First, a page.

The Pantheon of Virtues
DECEMBER 17, 2022
by Richard Foster
The idea that “humility” should be placed among the pantheon of virtues is deeply Hebraic and Christian in origin. In the Greek and Hellenistic world “humility” (tapeinos in Greek) was far from something to be valued, or even desired. Humility was almost universally used in a pejorative sense meaning “insignificant,” “servile,” “lowly.”
Gerhard Kittel, in his exhaustive Theological Dictionary of the New Testament, writes, “The Greek view of humility exalts freedom and despises subjection. Hence it qualifies tapeinos negatively.”
However, the life and teachings of Jesus place humility in an entirely different light. Jesus declares, “The greatest among you will be your servant. All who exalt themselves will be humbled, and all who humble themselves will be exalted” (Mt 23:11‑12). And Paul in his magnificent hymn in Philippians 2 writes about the signal action of Jesus who humbled himself unto death, even death on a cross. The New Testament writers use tapeinos some thirty-four times, always with a positive ring.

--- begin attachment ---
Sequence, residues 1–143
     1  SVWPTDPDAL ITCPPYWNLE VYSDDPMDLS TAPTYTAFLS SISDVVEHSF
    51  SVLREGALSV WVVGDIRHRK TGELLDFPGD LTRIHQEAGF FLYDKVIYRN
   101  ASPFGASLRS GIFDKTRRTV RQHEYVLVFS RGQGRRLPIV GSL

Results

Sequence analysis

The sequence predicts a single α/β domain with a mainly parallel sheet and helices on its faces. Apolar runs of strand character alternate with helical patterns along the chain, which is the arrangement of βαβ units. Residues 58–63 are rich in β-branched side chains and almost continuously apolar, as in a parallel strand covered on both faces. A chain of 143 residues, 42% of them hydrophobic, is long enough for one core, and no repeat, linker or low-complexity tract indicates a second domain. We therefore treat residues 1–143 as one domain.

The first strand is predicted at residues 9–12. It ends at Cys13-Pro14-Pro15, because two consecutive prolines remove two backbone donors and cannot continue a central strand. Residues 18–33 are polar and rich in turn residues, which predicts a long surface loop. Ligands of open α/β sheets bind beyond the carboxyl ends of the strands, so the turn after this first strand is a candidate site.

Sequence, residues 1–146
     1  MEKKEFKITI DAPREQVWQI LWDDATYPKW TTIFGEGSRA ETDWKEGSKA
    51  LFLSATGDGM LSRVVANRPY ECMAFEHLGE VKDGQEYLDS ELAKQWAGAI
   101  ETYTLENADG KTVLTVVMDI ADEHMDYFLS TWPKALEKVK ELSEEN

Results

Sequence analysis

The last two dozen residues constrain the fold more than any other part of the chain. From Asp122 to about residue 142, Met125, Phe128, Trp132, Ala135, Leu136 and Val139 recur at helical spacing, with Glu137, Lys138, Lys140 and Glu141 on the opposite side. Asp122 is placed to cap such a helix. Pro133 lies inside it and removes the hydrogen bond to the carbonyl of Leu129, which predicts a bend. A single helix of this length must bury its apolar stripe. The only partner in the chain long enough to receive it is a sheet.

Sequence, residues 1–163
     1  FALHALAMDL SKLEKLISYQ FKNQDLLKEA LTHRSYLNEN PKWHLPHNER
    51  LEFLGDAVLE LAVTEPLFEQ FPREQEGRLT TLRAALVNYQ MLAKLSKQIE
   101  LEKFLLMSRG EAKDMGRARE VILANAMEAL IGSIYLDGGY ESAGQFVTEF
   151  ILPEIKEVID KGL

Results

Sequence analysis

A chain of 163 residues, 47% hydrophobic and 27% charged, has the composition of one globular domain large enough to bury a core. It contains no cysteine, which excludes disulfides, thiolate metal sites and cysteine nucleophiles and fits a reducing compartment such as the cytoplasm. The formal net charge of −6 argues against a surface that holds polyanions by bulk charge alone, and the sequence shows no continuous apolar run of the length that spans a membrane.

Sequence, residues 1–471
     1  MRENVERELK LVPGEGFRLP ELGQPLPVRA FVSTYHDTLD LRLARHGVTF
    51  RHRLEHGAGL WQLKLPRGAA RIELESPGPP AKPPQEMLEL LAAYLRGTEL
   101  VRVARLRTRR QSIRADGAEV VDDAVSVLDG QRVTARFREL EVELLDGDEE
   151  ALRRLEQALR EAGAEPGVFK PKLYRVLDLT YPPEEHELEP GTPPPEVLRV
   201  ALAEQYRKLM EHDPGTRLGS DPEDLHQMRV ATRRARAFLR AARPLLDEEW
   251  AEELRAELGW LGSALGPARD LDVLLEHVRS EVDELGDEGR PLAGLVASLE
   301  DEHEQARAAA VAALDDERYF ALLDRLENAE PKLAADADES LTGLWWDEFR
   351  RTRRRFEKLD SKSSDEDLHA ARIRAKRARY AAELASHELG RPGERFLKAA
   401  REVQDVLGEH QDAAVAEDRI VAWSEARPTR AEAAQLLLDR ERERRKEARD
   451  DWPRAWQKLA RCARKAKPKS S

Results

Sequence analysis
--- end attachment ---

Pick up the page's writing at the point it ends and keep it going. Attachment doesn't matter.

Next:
Early Christian scholars took this radical rethinking of humility and classified it under the notion of arete, virtue. John Cassian, for example, calls humility “the mother and mistress of all the virtues.” He adds that, in contradistinction to the pagan understandings of virtue in his day, humility “is the precise and magnificent gift of the Savior.”
Our contemporary culture views humility in much the same negative manner as the ancient Greek and Hellenistic world. So, the Christian witness to the enormous value of humility as a central virtue is just as countercultural today as it was in the first century.